“What is said politely in English at a cocktail party to an ambassador is very different from what emerges with a group of young people,” he said, in an interview recorded for a 1985 Granada television series, End of Empire, but never used. The programme makers said it had been off the record, and denied that it was edited out under government pressure. The UK has still not formally acknowledged its role in the coup.

Amirani came across the transcript of the interview in November 2016, among the papers of Mosadegh’s grandson, who had been a consultant on the Granada series. In Coup 53, Ralph Fiennes speaks the part of Darbyshire.

Young Norman was almost certainly first recruited to MI6 by his housemate in Tehran, Robin Zaehner, an academic expert on eastern religions and a British spy. He was an eccentric figure with thick glasses that magnified his eyes, a reedy voice, and a reputed weakness for opium.

One of Darbyshire’s tasks in Tehran was to act as Zaehner’s bag man, providing funds to recruit agents. “Vast sums of money were being spent,” he said. “He used to carry biscuit tins with damn great notes.”

Zaehner introduced him to his contacts, including Mohammed Reza Pahlavi, the young shah, only five years older than Darbyshire, and to three brothers – Seyfollah, Asadollah, and Qodratollah Rashidian – anglophile, monarchist businessmen who would become Darbyshire’s most important agents.

After Mosadegh became prime minister in 1951, nationalising the Anglo-Iranian Oil Company and expelling British diplomats the following year, the British government decided he had to be got rid of.

Darbyshire and an aide were tasked with putting together a plan to depose the prime minister, codenamed Operation Boot. When the Americans came on board in the spring of 1953, following the election of Dwight Eisenhower, it was renamed Operation Ajax, but the plan remained largely the same, with the shah and the Rashidians at its centre.

When the coup was launched on 15 August, things quickly went awry. Some of the coup plotters in the military failed to show up or feigned illness. The shah panicked and fled in a small plane to Baghdad, and Washington signalled that it was ready to abandon the plan.

Darbyshire and the Rashidians refused to give up and instead flooded the streets of Tehran with paid thugs to take on Mosadegh’s supporters and his allies among the communists in the Tudeh party. It was enough to convince army officers who had been sitting on the fence to join the shah’s cause.

The coup made Darbyshire MI6’s golden boy and a decade later, his star was still rising. He was back in Tehran, acting as Britain’s voice at the shah’s ear and living a pleasant life in the big house in northern Tehran. But the family’s whole life was about to come apart.

In November 1964, Darbyshire drove a visiting British intelligence officer to inspect some electronic listening posts near the Soviet border. He brought his wife, Manon, along for the ride, a scenic trip through the Alborz mountains down to the Caspian Sea.

On the way back on 13 November, the car skidded off the narrow mountain path and into a ravine. The visitor from London was killed on the spot. Manon was brought up to the road on a stretcher and died there.

Darbyshire, who had been at the wheel, was initially unscathed though he nearly died 13 months later from a subarachnoid haemorrhage. Told he would have to leave his post if he could not cope with his domestic life, he asked a family friend Maggie Burleigh, who was a teacher, to fly to Tehran to look after his six children, arranging to have her vetted.

“He said ‘you will see me coming and going all sorts of times in the day and night, but it is highly confidential’,” the friend, now Maggie Boswell, said. “It was all rather cloak and dagger.”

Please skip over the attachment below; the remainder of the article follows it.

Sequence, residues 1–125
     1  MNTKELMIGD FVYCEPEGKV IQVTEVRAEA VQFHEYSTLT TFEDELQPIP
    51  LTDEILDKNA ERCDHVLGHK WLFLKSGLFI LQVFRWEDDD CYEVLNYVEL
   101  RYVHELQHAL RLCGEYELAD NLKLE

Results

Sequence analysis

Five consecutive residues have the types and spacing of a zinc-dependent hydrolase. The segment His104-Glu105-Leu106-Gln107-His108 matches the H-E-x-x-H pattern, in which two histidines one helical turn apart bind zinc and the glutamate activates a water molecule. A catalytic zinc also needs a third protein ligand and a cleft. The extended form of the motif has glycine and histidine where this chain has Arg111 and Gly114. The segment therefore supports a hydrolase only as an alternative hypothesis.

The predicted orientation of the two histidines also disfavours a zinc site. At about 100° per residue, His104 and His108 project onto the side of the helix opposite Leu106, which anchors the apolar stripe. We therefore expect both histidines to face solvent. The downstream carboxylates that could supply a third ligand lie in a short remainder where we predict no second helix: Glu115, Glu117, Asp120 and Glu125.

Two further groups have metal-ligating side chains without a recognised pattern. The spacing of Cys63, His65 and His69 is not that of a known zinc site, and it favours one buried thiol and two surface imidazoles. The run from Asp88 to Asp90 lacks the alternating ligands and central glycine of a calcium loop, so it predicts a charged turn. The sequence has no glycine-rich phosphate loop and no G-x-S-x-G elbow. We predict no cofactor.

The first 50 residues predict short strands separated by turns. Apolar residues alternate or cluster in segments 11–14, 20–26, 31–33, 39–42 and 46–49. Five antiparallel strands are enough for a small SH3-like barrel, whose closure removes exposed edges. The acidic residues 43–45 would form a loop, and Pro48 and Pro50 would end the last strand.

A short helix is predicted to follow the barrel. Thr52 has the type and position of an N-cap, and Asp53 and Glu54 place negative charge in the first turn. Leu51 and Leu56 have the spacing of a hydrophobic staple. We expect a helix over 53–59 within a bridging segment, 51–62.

Darbyshire started dating a younger woman in the embassy’s intelligence section, Virginia Fell, and married her in April 1966 in an elaborate wedding held in the embassy and paid for by MI6.

At the age of 22, the new Mrs Darbyshire suddenly found herself the stepmother of six children, and she had two more with Norman, both girls. And from 1970, she would have to do that in the increasingly unstable environment of Beirut, where the family had a burly armed guard sleeping outside their door for protection.

All this time Darbyshire’s behaviour was becoming more erratic, and his drinking, always prodigious, got out of control.

“The truth is that after the accident and the brain haemorrhage, the combination of both was a turning point,” Peter, Darbyshire’s second oldest child, said. “He was not the same person. That was very clear to us as children.”

Soon after the family returned to Britain in 1975, the couple split up, and Darbyshire’s career crumbled in the years that followed. He still had aspirations to climb to the top, but his reputation as a hard-drinking maverick counted against him, and he resigned in 1979.

He had hoped to go into business in the Middle East but those plans were torpedoed by the Iranian revolution. Most of his contacts were killed, jailed or disappeared.

“He had been anticipating a fairly gilded life after retirement and that didn’t happen,” his son said.

Darbyshire died in June 1993 of a heart attack, while mowing his lawn at home. The service in Harrogate crematorium was one of the rare occasions that brought all eight of his children together. Boswell and a handful of other friends attended, but there was no one from his MI6 days.

After the fall of the shah and the Islamic Revolution in Iran, the 1953 coup no longer looked like the masterstroke it once had, but there is no sign Darbyshire changed his mind. In his Granada interview, he insisted that if Mosadegh had been allowed to stay, the communists would ultimately have taken over his government.

“Then Russia would have achieved what she always wanted – access to the ports on the Gulf,” he said.

Virginia Darbyshire believes it was not second thoughts about the coup which haunted him, but the knowledge he had triumphed against the odds and hardly anyone knew about it.

“With the coup, he always felt he had been written out of the history books,” she said “I suppose he was quite bitter about it.”

Watch the film Coup 53 about the ousting of Mohammad Mosadegh.